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What Are the Benefits of B-Complex Vitamins?

author image Christian Walker, Ph.D.
Dr. Christian Walker began writing professionally in 1982. He has published in the fields of surgery, neurology, rehabilitation and orthopedics, with work appearing in various journals, including the "Journal of the American Osteopathic Association" and "European Neurological Society." Walker holds a Doctor of Philosophy in medical physiology from the University of Medicine and Dentistry of New Jersey.
What Are the Benefits of B-Complex Vitamins?
B-complex vitamins are crucial for health. Photo Credit: Miha Peroša/iStock/Getty Images

B-complex vitamin capsules contain vitamins B1, B2, B3, B5, B6, B7, B9 and B12. Each B vitamin has an important physiological role in the body. If a person lacks a particular B vitamin, or takes excessive amounts, the consequences can have serious harmful effects on the body. Both physiological and psychological problems can result.

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Fetal Health

The chemical known as vitamin B9, or folic acid, is crucial for development of the fetal central nervous system. Vitamin B9 is necessary to allow the fetus’s brain and spinal cord to grow into their normal shape. If the mother lacks folic acid in her diet, the fetus can develop certain birth defects known as anencephaly and spina bifida. These are malformations where the brain and spinal cord, respectively, develop and grow, partially or totally, on the outside of the skull or spinal column. The fetus can suffer severe neurological impairment or death as a result.

Nervous System

B-vitamins are required for the adult nervous system to function properly. Vitamin B6, also called pyridoxine, may help prevent Parkinson’s disease, seizures, depression, headaches and other neurological problems. It is also required to manufacture the brain chemicals dopamine and serotonin, necessary for communication between brain cells. Other neurological problems can be prevented with vitamin B12, also called methylcobalamin, such as aiding the recovery of Bell’s palsy. A dietary deficiency of vitamin B12 can lead to marked neurological impairment such as walking disability, spasticity in the legs and arms and problems with the bowels and bladder. Vitamin B1, also called thiamine, is necessary for normal cognitive function in the brain.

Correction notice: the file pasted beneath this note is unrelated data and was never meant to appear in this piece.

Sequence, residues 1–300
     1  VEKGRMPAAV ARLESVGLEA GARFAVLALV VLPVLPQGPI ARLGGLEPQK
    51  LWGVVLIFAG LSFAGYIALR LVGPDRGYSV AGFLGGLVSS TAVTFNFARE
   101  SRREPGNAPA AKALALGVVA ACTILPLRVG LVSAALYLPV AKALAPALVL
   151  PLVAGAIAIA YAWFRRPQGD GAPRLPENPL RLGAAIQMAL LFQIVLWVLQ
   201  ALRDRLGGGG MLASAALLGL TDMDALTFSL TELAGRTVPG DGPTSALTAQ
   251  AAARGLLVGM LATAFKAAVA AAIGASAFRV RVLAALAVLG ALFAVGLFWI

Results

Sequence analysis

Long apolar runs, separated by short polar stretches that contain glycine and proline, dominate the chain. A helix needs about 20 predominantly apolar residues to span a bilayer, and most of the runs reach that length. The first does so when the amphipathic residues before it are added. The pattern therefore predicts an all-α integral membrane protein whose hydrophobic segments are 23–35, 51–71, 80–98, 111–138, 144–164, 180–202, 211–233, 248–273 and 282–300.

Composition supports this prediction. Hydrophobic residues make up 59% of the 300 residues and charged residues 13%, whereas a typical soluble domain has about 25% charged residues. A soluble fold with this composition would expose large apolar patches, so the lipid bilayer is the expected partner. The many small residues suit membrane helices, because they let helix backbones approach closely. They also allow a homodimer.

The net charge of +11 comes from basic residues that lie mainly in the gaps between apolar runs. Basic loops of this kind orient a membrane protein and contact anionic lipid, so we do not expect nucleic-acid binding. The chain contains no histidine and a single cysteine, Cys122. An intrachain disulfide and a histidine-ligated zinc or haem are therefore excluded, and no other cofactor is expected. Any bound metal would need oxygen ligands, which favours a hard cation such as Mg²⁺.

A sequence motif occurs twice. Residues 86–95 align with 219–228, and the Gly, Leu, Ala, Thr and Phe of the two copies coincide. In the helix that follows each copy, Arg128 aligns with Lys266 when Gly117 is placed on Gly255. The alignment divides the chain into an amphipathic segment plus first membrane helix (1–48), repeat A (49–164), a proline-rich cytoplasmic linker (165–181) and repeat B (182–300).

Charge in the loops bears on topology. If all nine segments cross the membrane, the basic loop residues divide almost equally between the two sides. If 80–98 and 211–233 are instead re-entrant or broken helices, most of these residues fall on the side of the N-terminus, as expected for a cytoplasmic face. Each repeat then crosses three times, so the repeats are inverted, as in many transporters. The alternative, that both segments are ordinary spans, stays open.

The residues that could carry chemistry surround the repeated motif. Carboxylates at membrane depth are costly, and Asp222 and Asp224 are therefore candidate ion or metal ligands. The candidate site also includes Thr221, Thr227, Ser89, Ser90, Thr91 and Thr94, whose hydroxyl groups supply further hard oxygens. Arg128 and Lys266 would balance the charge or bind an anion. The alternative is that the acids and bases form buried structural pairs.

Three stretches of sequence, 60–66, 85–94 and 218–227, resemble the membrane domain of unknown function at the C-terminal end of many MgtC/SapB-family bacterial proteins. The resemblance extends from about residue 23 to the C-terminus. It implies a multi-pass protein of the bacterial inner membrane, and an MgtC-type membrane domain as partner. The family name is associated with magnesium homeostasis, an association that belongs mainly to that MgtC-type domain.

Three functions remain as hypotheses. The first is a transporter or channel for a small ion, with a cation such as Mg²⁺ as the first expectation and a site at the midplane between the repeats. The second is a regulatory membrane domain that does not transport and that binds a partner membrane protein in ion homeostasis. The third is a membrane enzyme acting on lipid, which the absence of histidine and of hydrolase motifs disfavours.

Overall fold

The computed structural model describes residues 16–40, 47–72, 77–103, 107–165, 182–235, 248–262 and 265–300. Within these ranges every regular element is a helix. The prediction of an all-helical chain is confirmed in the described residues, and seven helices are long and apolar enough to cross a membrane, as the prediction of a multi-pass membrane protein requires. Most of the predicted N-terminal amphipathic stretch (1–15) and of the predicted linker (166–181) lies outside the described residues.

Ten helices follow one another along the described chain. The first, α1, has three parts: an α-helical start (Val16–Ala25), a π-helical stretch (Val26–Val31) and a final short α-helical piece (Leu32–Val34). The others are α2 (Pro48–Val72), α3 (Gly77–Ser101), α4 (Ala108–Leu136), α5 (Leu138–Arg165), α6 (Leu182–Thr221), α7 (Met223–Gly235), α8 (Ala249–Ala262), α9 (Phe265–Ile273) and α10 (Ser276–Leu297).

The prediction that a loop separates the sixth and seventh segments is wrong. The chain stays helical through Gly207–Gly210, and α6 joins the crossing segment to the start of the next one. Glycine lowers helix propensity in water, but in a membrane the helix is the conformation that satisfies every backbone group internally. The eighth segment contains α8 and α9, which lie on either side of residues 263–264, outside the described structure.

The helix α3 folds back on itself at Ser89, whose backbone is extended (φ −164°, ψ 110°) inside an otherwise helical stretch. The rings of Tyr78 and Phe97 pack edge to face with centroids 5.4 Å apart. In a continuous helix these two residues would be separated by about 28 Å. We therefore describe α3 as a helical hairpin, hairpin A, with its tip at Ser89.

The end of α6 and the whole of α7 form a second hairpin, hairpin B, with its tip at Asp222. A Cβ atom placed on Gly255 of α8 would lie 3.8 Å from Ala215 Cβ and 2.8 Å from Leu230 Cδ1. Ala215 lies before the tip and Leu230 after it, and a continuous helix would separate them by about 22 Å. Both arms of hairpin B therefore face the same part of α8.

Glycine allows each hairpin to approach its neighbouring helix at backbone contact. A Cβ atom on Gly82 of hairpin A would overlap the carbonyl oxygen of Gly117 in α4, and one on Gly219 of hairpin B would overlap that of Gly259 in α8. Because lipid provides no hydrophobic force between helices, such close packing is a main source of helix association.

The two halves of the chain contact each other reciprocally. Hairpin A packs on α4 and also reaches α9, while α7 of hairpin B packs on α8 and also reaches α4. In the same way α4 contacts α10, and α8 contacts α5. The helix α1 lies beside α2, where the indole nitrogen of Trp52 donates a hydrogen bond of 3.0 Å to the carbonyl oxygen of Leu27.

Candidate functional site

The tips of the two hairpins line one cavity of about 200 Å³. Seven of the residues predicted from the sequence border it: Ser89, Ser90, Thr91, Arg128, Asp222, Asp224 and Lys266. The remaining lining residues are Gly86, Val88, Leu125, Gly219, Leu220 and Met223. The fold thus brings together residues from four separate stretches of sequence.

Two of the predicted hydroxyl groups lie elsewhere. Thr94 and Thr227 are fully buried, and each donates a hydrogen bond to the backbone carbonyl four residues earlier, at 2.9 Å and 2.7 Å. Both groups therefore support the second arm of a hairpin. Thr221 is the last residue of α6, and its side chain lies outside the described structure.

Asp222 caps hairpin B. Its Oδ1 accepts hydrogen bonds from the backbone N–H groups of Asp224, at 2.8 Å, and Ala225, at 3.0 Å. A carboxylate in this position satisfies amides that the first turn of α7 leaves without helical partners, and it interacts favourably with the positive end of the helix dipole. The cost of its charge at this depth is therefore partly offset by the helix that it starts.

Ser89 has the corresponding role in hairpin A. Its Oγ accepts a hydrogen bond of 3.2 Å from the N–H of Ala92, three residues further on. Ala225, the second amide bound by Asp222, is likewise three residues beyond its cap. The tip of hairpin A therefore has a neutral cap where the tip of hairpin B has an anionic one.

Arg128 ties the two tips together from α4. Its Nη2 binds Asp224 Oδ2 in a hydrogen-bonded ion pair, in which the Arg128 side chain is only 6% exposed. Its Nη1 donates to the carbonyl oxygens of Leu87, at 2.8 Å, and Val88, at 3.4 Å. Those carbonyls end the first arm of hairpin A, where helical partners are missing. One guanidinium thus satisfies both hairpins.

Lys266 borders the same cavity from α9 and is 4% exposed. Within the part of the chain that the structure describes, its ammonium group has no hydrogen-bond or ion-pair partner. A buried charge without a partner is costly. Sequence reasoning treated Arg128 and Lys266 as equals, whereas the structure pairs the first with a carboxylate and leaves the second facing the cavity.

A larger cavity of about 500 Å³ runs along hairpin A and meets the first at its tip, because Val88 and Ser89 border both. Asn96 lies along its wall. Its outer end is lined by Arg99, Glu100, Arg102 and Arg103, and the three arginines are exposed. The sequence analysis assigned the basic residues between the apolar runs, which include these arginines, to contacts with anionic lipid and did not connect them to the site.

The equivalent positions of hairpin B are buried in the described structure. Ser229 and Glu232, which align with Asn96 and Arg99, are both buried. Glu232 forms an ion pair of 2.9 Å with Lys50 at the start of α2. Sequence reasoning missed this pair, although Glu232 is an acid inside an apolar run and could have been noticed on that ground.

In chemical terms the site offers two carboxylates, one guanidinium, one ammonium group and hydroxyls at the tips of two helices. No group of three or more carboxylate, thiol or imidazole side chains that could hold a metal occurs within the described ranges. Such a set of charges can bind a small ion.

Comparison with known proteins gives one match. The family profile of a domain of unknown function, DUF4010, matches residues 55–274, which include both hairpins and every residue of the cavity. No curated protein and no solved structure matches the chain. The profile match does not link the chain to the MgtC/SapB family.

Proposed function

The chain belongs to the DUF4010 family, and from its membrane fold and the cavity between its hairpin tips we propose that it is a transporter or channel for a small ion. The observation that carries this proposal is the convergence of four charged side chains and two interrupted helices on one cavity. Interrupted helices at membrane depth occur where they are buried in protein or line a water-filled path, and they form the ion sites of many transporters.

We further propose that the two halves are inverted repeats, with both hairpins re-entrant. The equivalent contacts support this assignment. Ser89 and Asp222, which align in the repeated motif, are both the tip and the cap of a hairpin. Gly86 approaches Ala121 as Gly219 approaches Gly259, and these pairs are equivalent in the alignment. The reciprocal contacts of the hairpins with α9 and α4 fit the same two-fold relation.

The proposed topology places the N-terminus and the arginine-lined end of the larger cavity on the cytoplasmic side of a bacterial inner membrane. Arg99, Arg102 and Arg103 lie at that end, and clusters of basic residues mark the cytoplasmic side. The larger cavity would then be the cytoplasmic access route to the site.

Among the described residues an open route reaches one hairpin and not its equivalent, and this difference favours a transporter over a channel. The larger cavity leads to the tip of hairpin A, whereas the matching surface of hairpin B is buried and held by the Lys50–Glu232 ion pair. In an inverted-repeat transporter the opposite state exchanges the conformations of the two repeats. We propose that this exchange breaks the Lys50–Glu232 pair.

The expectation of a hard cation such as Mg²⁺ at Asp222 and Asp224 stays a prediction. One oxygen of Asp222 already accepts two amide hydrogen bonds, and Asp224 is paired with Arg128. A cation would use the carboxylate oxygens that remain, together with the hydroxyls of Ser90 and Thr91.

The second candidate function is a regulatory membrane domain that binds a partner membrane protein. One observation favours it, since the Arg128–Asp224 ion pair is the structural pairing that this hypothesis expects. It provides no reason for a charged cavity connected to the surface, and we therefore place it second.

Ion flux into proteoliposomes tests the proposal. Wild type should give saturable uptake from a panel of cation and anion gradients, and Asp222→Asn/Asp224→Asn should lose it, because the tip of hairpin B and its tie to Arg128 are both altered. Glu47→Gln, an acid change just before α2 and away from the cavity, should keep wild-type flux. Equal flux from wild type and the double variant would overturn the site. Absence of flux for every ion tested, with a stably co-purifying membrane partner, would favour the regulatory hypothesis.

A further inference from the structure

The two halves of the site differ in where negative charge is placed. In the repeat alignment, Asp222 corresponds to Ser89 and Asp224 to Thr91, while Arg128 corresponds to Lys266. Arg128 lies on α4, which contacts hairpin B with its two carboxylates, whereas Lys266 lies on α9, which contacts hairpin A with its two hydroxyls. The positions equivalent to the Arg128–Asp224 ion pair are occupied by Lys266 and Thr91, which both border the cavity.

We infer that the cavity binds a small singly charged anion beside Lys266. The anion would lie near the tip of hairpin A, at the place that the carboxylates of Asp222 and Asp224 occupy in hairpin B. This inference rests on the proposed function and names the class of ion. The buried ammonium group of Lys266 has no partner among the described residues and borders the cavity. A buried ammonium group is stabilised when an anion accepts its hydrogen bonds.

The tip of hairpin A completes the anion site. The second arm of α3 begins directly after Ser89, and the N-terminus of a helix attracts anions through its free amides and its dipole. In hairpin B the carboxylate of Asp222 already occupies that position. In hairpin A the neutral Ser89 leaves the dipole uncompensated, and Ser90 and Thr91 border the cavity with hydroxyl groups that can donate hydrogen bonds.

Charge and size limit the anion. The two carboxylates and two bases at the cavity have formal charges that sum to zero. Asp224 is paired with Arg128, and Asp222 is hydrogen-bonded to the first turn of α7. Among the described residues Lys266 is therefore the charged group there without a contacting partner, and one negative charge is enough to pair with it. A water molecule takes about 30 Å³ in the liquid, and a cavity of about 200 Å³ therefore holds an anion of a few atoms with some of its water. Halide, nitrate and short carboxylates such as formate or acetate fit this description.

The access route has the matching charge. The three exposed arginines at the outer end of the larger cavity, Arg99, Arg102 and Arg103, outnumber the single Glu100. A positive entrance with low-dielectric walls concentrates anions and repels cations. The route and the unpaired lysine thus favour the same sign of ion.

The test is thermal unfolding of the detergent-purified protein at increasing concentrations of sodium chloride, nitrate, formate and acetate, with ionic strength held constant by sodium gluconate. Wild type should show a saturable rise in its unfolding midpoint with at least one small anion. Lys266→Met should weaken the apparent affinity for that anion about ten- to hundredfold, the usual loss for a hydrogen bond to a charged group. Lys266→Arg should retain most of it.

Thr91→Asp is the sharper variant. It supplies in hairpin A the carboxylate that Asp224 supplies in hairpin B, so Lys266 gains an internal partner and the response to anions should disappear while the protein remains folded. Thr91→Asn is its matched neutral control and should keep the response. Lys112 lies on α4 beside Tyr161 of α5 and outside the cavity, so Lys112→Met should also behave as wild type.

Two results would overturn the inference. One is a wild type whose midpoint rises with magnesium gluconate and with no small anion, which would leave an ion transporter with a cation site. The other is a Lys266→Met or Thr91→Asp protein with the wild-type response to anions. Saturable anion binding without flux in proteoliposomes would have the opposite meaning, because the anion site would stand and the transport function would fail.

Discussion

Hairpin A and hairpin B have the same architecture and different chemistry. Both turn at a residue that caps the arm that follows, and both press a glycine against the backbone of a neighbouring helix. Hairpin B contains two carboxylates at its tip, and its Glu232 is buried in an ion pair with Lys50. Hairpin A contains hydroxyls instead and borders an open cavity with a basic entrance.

Blood Glucose

The body must maintain relatively even levels of blood glucose throughout the day in order to keep energy levels constant. This is one important function of vitamin B6. As calorie intake begins to fall, vitamin B6 is needed to convert carbohydrates and nutrients stored by the body into glucose so that normal levels are maintained. When a diet is vitamin B6 deficient, the ability to maintain normal glucose levels is hindered. If a person is already well-nourished vitamin B6 supplements will not improve the ability to regulate blood glucose.

Other Functions

Recent studies have shown that if the recommended dietary amounts of vitamin B9 are taken, the risk of cancer is reduced, according to the American Cancer Society. Vitamin B6 is a necessary component for metabolizing certain enzymes and proteins. Vitamin B12 and vitamin B5, also called pantothenic acid, are needed to help the body from developing anemia. The immune and gastrointestinal systems require vitamin B5 for helping to maintain their normal function. Vitamins B12 and B2, also called riboflavin are an important component during the manufacture of red blood cells. The body’s ability to effectively circulate blood is improved with vitamin B1.

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